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8 notes tagged "coaching"

  1. heron  
    In this letter, I explore the metaphor of a heron overcoming self-doubt and resistance to take flight and follow its dreams. Though facing storms and setbacks, the Heron battles an inner voice of doubt, represented by a croaking frog, which it ultimately silences by devouring. It relates this to doing meaningful creative work by outlining principles from Steven Pressfield's 'The War of Art' and “Do the Work.” We must engage with resistance and persist despite difficulty to ship creative and entrepreneurial work. This letter also relates the Heron's journey to Le Guin's 'The Eye of the Heron'. Just as the Heron achieves flight through courage and determination, we realize our potential by battling resistance and completing our work.
    coaching resistance distraction journey
  2. thrashing  
    In Seth Godin’s book “Linchpin: Are You Indispensable?”, the focus is on becoming a linchpin—a person who adds unique value to their organization
    resistance creative coaching
  3. work  
    By shifting our perspective on history and embracing the present, we can unlock our true potential and break free from self-imposed limitations. Discover the transformative conversations with the Catalyst, a psychological coaching that helps individuals overcome fear and resistance, embrace their unique perspectives, and create better futures for themselves and others.
    coaching fiction individuality culture change
  4. beyond introspection  
    The process, not the destination, is key to self-directed learning and growth. Intrinsic motivation, spontaneity, and creativity are nurtured through self-expression and art. Intuition, a powerful tool, emerges when the mind is trained to be open to spontaneous insights. It's a process of unlearning and expanding one's mental lexicon, ultimately leading to a deeper understanding of oneself and life's meaning. Autotelic experiences can be enhanced by embracing self-involvement and interacting with the world.
    autotelic learning spontaneity intuition coaching
  5. what is introspection?  
    Embracing spontaneity and inner genius, we can reshape notions and know ourselves intimately. This self-knowledge lets us create our lives rather than follow others' expectations. Introspection through mindful inquiry illuminates our inner world. It helps us examine our beliefs, find our voice, and integrate our notions with outer reality. We can understand our roles and personalities, and the difference between our self-perception and others' views.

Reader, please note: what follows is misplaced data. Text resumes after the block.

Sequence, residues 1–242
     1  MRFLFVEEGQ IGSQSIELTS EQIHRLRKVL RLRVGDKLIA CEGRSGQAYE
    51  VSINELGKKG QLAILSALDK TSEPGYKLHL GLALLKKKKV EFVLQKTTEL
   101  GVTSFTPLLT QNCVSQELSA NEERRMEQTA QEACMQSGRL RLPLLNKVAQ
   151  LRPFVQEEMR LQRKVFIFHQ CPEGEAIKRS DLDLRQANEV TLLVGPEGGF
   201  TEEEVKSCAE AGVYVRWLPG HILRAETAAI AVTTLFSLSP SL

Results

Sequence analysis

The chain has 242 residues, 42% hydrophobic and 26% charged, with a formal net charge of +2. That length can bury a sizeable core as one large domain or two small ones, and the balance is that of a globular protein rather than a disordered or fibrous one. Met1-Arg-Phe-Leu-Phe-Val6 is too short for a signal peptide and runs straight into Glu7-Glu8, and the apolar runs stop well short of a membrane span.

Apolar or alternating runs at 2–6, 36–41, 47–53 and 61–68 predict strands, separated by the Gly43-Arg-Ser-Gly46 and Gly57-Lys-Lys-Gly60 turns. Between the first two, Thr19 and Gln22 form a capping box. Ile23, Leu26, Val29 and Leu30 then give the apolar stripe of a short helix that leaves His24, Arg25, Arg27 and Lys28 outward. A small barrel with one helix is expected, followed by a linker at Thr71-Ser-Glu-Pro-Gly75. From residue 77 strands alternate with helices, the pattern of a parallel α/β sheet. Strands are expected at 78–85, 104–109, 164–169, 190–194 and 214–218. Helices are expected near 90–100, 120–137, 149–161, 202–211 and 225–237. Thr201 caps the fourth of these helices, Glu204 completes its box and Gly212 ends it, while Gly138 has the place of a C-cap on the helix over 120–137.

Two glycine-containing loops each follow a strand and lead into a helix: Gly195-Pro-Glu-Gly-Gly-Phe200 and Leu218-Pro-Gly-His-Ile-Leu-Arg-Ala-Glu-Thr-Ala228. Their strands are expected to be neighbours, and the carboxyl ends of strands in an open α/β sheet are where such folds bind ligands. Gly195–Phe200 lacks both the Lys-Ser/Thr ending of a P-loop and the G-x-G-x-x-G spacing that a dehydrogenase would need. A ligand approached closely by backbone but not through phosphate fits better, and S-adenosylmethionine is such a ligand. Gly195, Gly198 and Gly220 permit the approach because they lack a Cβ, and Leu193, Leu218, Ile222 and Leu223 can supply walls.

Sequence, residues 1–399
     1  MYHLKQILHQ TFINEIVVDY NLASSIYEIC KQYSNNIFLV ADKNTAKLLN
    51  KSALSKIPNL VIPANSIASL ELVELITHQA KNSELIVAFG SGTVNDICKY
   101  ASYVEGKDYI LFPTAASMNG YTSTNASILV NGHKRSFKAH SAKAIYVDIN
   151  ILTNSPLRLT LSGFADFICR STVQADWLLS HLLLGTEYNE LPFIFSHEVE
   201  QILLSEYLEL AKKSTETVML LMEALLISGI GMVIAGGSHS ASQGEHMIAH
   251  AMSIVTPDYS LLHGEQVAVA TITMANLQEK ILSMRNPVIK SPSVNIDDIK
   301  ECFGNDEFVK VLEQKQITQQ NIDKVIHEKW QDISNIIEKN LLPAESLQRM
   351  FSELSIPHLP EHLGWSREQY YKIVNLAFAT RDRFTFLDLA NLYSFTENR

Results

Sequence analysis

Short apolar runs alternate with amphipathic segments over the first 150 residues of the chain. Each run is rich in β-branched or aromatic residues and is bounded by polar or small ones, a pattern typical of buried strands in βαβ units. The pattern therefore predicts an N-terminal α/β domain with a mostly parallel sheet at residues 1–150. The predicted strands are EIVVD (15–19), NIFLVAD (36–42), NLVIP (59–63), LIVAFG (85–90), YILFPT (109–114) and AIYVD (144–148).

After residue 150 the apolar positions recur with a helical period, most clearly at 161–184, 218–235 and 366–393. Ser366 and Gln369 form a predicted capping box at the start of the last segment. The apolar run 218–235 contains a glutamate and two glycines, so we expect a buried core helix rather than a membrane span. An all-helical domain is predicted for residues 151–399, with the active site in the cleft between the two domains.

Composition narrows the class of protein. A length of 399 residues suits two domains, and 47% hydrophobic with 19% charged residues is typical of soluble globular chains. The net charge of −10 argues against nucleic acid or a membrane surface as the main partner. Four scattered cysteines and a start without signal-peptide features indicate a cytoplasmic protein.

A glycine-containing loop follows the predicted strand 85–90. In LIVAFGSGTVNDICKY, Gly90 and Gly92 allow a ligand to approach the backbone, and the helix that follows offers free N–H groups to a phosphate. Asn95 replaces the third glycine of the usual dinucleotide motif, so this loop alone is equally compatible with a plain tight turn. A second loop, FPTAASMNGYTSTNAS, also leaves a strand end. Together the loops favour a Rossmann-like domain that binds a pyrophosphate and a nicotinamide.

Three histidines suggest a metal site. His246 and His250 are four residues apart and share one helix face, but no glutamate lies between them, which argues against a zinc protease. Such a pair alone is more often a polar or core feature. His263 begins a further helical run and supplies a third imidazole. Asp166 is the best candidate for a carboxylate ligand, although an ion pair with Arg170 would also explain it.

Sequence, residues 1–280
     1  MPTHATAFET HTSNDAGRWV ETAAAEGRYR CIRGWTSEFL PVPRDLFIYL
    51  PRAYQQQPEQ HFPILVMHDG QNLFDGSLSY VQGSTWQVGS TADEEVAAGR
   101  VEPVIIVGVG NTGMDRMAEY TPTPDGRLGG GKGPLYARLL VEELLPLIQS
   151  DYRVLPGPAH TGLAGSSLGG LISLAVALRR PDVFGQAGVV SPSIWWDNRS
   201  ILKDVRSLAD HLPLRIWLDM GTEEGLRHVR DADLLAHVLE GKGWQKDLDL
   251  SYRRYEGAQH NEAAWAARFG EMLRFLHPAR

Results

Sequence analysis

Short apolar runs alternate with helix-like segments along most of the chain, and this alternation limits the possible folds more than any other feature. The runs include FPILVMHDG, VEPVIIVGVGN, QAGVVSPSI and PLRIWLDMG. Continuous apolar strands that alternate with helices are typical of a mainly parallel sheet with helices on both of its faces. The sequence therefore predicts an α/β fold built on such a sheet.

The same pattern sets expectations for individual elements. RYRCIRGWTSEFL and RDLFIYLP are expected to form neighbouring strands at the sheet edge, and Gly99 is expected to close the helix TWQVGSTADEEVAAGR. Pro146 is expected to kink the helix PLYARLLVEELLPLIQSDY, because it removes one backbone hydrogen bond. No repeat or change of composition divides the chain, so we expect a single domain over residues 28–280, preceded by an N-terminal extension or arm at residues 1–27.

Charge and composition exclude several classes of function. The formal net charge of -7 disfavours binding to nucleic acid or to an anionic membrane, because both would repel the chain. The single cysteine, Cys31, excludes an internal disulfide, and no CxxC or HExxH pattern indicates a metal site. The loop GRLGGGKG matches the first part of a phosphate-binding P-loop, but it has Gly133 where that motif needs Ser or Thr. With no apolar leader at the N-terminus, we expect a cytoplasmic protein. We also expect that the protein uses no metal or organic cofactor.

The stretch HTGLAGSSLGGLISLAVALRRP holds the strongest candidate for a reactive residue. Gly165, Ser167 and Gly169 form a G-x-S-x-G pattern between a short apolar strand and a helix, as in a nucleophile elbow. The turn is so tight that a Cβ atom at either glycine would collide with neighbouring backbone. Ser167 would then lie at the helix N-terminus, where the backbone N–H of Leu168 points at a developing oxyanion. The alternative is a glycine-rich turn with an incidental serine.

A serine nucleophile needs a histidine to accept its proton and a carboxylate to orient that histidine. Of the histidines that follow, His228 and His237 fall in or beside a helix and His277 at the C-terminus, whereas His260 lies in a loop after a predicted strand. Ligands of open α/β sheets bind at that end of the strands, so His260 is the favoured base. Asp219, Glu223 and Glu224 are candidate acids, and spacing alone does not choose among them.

coaching introspective journaling world spontaneity
  6. what are us?  
    In today's society, objective facts eclipse our subjective inner wisdom and somatic knowledge. We conform to external norms rather than self-determining our values. Knowledge is pursued compulsively without changing the methods of inquiry. To grow, we must release rigid plans and preconceptions. By embracing spontaneity and our inner genius, we can reshape notions and know ourselves intimately. This self-knowledge allows us to create our lives rather than follow others' expectations.
    society coaching cartesian introspective journaling
  7. who is a good coach?  
    Coaching assumes clients possess emotional integration and focuses on creating the life they desire, not fixing problems. Effective coaching encourages clients to value themselves and set intrinsic, joy-filled goals. Coaches teach, but never impose their truths, allowing clients' self-realization. A mature coach nurtures self-actualization through awareness, responsibility, and authentic values. In contrast, younger, material-focused coaches prioritize winning, often causing dissatisfaction. Seasoned coaches prioritize nurturing, intuition, self-expression, and joy while aligning with clients' essence and remaining supportive observers.
    coaching introspective therapeutic individuality
  8. why coach introspection?  
    Introspection, while potentially yielding valuable self-knowledge, may also lead to self-obsession and chronic rumination. Our culture often emphasizes objectivity and causality, hindering a more open, phenomenological inquiry into ourselves. Shifting toward a "resolving" approach and embracing paradoxical ideas can offer a more constructive path to self-understanding.
    coaching introspective journaling cartesian society

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